Times of monumental change, such as the world observed last week, are enough to excuse anyone who hasn’t yet made it to the Walker for its retrospective of films by Japanese director Nagisa Oshima – himself no stranger to history in the making. Impressionably teenaged at the end of World War II and passionately engaged in student activism during the 1950s, the Japanese New Waver behind Cruel Story of Youth – fatherless since the age of six – spent the earthshaking year of 1968 with two films in release and another in production. Evincing Oshima’s radical energy in full flower, all three of these–Death by Hanging, Diary of a Shinjuku Thief, and Boy – remain difficult to see in the United States, and their screenings (in new 35mm prints, yet) lie just ahead in the Walker series. Thus latecomers to “In the Realm of Oshima” hardly need to worry that they’ve missed the highlights.
“Provocations directed at the spectators,” as Japanese critic Hideo Osabe aptly put it, Oshima’s films met the late ‘60s like Molotov cocktails hitting valued property. Death by Hanging, which the
director yanked from the ‘68 Cannes fest by way of greeting the French “events of May,” draws a hard line in its very first minute, with title cards that ask, “Do you support or oppose the death penalty?” and “You, the 71 percent [in favor of it], have you ever seen a public execution?” Hanging (November 16 at 2:00 p.m.), albeit a black-comic satire of forceful persuasion, gleefully gives its audience two hangings for the price of one. Diary (November 23 at 2:00 p.m.), hot off the press, uses the summer riots in Japan to contextualize the scorching sex between a young make-believe thief and the woman who pleasurably catches him in the act. Boy (November 12 at 7:30 p.m.), the one film of this trilogy in color, vividly observes the effects of criminality on the titular 10-year-old, whose parents “work” by faking public accidents and snatching up guilt money.
In these searing critiques of societal absurdity, the audience is made to appear accountable – along with corporations, the state, the nuclear family, and the characters’ animalistic hunger to capitalize on one another. Near the bitter end of Death by Hanging, the marked man – a Korean known only as “R” – comes to ask an essential question of his legal executioners: “What is a nation?” The answer is, uh, left hanging. Maybe the nation is only distinct from the individual for getting away with murder. Oshima’s stark, documentary-style tour of Death Row punctuates the narrative rituals of state execution – last supper, last cigarette, last words, et cetera–by way of exposing the fatal cruelties of convention. “R,” whatever his crimes, doesn’t stick to the script: Miraculously slipping out of the noose in the film’s first minutes, he appears heroic–or at least compared to his ethical army of assassins.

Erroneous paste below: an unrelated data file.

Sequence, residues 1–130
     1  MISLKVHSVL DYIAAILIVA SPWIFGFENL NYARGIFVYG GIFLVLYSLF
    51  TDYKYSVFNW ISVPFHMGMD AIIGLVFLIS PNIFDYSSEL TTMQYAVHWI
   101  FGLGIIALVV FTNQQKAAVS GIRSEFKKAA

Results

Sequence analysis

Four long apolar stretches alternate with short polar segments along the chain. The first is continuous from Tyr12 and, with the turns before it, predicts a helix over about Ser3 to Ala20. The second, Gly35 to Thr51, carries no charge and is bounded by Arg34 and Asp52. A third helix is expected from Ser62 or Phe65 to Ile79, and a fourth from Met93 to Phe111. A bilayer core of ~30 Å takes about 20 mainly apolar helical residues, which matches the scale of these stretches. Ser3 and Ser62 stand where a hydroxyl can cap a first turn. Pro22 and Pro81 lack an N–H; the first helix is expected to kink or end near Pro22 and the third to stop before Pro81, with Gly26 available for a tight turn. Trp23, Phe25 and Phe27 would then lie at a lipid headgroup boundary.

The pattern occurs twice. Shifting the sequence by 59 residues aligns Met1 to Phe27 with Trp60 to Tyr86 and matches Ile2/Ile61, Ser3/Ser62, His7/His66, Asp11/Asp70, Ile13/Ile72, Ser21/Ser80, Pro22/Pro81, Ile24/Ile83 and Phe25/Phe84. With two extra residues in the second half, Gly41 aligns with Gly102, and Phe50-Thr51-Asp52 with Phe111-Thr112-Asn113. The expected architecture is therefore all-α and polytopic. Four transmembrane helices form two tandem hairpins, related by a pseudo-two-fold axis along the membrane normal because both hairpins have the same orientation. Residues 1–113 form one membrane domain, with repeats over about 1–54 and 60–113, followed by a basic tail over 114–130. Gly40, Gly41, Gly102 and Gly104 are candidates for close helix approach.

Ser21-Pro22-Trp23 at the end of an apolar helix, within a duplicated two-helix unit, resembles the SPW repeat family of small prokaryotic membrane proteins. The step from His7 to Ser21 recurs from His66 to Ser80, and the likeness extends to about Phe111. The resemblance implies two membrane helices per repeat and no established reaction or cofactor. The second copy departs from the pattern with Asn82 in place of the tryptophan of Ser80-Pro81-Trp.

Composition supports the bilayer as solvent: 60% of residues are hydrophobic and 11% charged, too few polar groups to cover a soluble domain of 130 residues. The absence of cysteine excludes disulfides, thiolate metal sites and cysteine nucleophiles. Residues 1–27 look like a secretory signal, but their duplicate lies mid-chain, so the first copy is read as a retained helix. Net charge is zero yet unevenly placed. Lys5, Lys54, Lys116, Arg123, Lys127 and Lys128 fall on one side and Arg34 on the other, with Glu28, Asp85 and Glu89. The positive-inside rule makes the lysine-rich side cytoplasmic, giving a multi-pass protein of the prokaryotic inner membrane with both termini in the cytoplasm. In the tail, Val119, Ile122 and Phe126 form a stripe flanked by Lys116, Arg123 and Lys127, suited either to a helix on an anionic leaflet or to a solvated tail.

If Oshima has a definition of the word “responsibility,” it’s this: Break the rules. “Let’s steal something,” the lovers of Diary of a Shinjuku Thief decide early in the course of their film-long flirtation. The erotics of theft are foregrounded in this, a sexy movie that, aptly enough, steals from Bonnie and Clyde by way of Breathless. Yet, appearing almost apocalyptic at times, Oshima’s film is uniquely unsettling, not least through camerawork that’s severely shaky even by Dogme standards. In ’68, Oshima’s cinematographic flailing must’ve looked crazy–or else perfectly normal. Indeed, all of Earth seemed to be quaking simultaneously, as Diary acknowledges from the start, with title cards that spell out the exact times of day in New York, Paris, Tokyo, and other cities. Above it all is our hero, Birdey Hilltop(!), for whom chaos is mere foreplay. Whatever the would-be revolution succeeded in bringing to radicals, Oshima suggests, it at least added a smidgen of experimentalism into the sex lives of bourgeois types.
On the evidence of Boy, whose story Oshima ripped from the headlines, societal tumult may have given even the nuclear family license to act out. Stepping in front of cars, accusing the drivers of reckless endangerment, settling out of court, then going out to dinner in a nice restaurant: All in a day’s work for the middle-class clan of Boy. This, in ’68, is how radicalism trickles up the food chain – to settle as a placemat on Mom and Dad’s dining table? Or has conventionally well-off family life always been predicated on such deceitful exploitation? Both, right? And neither?
Nothing is black and white in Oshima’s films, not even the monochromatic ones. As if to make at least that much clear, the director periodically bleaches Boy‘s color in images of the family home, cutting within sequences between shots that match not at all. Leave it to Oshima, who grew up grieving his father, to strip the illusion of stability from the very complexion of Boy, a family movie like no other. Forty years on, this filmmaker’s style must appear even more revolutionary than it did in its own radical time.